Jay-Z's had a great year. He became the first rapper inducted into the Songwriters Hall of Fame. His wife, Beyoncé, gave birth to twins. Also, he's still married to Beyoncé, so that in itself is a win. And in June, he released 4:44, an album that got him nominated for multiple Grammys, including Album of the Year, and catapulted him back into the GOAT conversation after a few fallow years.

All in all, it was a banner 2017 for the Jigga Man, which he's capping with a massive tour celebrating not just his most recent creative triumph but the full breadth of his storied career. But here's where things get weird—according to reports, the 4:44 Tour is selling way below expectations. Tickets have gone for as low as $6 in some markets. A day before his stop at Moda Center, you can snag a 300-level ticket for $15 on StubHub. Billboard published a piece contending that this is all by design, and that Jay-Z is actually turning a mighty profit on this outing. But still—it probably shouldn't cost you less to see one of the greatest and most popular rappers of all-time than, say, a buzz band at Mississippi Studios, right?

So what's the deal? Hard to say. But here are a few theories. 

None of his music is on Spotify.

Coming off the flat response to the rich-dude megalomania of 2013's Magna Carta Holy Grail, this year's acclaimed 4:44 represents a comeback for Sir Jigga. But keeping the album off the world's biggest streaming site means not everyone has heard it, and taking down the rest of his catalog has possibly left memory-shriveled millennials earnestly asking, "Jigga who?"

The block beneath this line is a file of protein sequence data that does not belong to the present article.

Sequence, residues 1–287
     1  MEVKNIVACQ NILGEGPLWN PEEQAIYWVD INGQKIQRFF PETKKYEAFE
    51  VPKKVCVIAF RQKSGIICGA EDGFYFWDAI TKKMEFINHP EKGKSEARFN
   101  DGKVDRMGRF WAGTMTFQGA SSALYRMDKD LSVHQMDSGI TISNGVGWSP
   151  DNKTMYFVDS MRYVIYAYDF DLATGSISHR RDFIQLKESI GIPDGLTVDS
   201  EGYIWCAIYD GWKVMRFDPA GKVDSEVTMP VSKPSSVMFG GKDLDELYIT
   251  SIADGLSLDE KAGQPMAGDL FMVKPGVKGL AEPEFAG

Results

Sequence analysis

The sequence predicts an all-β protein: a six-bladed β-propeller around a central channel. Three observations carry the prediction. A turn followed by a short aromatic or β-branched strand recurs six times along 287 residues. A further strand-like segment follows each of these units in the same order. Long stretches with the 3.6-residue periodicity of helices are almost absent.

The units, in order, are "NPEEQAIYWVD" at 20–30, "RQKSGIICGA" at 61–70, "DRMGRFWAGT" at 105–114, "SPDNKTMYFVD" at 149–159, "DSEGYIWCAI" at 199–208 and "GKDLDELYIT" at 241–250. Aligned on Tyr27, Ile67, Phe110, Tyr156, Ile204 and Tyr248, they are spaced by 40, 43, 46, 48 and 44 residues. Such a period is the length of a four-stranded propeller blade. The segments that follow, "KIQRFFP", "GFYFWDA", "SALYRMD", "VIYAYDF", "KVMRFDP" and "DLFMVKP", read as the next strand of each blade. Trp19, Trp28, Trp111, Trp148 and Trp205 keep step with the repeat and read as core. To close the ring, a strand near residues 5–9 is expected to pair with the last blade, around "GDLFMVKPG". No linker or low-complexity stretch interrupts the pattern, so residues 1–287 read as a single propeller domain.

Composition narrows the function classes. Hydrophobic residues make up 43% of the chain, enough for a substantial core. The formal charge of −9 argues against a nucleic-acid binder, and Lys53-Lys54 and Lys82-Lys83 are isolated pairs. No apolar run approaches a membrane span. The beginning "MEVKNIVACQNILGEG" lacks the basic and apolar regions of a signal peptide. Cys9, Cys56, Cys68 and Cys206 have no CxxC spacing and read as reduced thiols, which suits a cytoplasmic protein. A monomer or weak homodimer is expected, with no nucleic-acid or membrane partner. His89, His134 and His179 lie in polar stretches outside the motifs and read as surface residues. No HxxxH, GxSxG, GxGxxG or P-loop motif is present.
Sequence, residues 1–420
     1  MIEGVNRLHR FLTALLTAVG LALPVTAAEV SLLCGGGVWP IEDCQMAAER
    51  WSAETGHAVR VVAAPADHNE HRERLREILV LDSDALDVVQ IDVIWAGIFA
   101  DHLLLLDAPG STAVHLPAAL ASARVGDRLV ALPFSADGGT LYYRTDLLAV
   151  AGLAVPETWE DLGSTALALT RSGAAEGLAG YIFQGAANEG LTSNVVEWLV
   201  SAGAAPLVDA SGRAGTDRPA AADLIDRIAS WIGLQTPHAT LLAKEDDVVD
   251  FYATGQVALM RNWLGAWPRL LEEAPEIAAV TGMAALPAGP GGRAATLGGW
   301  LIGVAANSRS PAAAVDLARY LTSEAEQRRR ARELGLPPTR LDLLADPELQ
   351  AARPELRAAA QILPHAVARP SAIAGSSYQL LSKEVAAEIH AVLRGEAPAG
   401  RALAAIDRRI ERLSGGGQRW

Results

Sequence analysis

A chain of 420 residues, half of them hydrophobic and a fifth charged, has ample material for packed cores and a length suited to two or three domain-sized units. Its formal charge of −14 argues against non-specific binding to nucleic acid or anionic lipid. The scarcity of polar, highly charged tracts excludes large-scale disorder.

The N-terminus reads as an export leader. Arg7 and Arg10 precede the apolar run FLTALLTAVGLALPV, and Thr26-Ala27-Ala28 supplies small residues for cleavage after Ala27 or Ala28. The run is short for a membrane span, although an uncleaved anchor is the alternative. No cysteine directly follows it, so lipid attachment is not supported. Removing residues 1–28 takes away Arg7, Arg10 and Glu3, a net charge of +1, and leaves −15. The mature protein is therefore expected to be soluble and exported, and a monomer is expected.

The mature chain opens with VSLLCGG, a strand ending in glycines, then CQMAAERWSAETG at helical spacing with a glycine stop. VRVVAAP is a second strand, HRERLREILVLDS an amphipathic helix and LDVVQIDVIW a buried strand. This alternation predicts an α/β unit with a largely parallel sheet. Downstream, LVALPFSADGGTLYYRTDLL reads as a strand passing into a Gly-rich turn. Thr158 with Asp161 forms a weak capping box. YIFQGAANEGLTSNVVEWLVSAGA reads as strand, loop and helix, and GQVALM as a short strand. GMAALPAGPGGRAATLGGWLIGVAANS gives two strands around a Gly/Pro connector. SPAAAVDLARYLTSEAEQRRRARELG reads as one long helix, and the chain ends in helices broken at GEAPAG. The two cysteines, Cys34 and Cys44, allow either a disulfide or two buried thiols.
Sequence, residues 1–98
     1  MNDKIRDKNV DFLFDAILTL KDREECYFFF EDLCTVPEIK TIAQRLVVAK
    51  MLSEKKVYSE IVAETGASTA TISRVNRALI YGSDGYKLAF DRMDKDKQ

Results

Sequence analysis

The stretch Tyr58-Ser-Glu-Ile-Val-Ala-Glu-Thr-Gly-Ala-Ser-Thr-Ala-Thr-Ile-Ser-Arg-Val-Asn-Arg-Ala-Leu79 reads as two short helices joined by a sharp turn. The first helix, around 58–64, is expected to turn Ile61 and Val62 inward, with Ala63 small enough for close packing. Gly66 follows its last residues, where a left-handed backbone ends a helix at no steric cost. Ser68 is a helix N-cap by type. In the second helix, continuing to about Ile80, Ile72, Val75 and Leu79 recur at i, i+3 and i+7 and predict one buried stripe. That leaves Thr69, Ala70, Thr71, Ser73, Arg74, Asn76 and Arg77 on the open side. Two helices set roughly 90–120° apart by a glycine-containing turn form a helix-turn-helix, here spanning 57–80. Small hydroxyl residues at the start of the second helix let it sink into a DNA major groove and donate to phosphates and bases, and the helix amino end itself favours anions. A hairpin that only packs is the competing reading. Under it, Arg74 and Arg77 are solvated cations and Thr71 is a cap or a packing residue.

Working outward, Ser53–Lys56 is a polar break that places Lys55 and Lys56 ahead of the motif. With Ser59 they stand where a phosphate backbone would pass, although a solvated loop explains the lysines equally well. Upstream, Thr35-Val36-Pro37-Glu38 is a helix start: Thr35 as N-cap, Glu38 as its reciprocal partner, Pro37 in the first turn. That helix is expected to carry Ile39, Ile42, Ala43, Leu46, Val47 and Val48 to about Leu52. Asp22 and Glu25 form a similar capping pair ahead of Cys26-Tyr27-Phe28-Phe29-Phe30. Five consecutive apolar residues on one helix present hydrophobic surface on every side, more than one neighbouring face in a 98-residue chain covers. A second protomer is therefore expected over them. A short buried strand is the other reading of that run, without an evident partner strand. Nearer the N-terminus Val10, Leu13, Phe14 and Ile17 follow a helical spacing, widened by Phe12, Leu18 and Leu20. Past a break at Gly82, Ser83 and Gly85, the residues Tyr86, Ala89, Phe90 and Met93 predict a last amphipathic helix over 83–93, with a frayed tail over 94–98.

Beyoncé put a curse on him.

Maybe not through actual sorcery—though it's hard to put anything past her—but her public accusations of infidelity tattooed him with a scarlet lemon that's yet to fade, even after he confessed and apologized for his sins. The Beyhive is slow to forgive, and never forgets.

Fans don't like "conscious" Jay-Z.

4:44 is his most inward-looking album ever, and Grammy-nominated single "The Story of O.J." is an incisive critique of race and wealth in America. But maybe there's a segment of his fanbase that just wants to see him lighting up cigars on a yacht again.

He needed a bigger opening act.

Roc Nation signee Vic Mensa certainly has buzz, and his political edge meshes with this current iteration of Jay-Z, but the reaction to the Chicago rapper's long-awaited debut, The Autobiography, was a collective shrug emoji. Reeling in someone like, say, Future, would've made the tour unmissable.

Maybe hip-hop won't age like rock'n'roll.

As hip-hop enters middle-age, Jay-Z has survived long enough to emerge as the first truly huge "legacy rapper," and this tour—featuring a massive, career-spanning setlist—is effectively a test case for how fans are going to regard their legends as they get older. You'd think if anyone could stay on the road, packing arenas into his '70s, it'd be Hov. But if he's not the rap game Paul McCartney, then who is?

SEE IT: Jay-Z plays Moda Center, 1 N Center Court St., with
Vic Mensa, on Thursday, Dec. 14. 8 pm. $27-$138. All ages. Get tickets here.